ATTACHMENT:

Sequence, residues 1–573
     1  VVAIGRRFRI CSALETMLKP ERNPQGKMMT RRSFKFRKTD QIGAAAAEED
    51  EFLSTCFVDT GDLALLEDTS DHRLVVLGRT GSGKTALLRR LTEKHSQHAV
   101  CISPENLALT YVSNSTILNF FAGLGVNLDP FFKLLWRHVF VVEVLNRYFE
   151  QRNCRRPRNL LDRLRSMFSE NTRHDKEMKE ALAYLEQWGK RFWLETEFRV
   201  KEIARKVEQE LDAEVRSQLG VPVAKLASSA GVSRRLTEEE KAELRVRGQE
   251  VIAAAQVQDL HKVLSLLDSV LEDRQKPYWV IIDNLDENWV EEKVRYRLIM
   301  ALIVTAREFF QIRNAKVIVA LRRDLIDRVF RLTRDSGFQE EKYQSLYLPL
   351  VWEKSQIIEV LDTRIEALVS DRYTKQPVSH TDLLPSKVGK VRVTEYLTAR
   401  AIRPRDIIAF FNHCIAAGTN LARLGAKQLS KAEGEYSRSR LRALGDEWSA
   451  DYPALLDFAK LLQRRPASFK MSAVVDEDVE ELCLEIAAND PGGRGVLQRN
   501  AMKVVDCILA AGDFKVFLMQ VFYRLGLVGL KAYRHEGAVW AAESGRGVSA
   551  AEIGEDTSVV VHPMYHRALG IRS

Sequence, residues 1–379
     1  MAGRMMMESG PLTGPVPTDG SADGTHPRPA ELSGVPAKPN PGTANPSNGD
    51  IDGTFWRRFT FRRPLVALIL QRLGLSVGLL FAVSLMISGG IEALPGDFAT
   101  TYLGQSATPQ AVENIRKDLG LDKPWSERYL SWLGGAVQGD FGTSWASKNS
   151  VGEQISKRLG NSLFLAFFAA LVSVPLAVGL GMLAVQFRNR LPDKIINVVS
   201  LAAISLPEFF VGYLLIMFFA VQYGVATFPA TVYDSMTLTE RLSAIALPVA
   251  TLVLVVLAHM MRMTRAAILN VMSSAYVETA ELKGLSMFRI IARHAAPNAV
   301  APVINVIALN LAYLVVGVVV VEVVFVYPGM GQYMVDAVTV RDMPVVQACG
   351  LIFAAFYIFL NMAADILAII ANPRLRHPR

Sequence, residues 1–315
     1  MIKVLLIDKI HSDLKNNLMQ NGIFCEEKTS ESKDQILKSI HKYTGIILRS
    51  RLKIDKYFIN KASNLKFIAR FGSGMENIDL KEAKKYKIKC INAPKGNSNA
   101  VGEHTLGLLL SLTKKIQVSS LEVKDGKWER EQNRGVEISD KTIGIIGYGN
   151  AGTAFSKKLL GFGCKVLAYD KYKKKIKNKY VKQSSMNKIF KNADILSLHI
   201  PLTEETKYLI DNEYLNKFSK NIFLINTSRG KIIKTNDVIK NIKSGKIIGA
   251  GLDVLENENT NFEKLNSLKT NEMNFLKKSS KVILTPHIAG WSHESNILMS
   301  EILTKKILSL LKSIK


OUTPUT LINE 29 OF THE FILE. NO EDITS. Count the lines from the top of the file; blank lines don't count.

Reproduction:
   251  GLDVLENENT NFEKLNSLKT NEMNFLKKSS KVILTPHIAG WSHESNILMS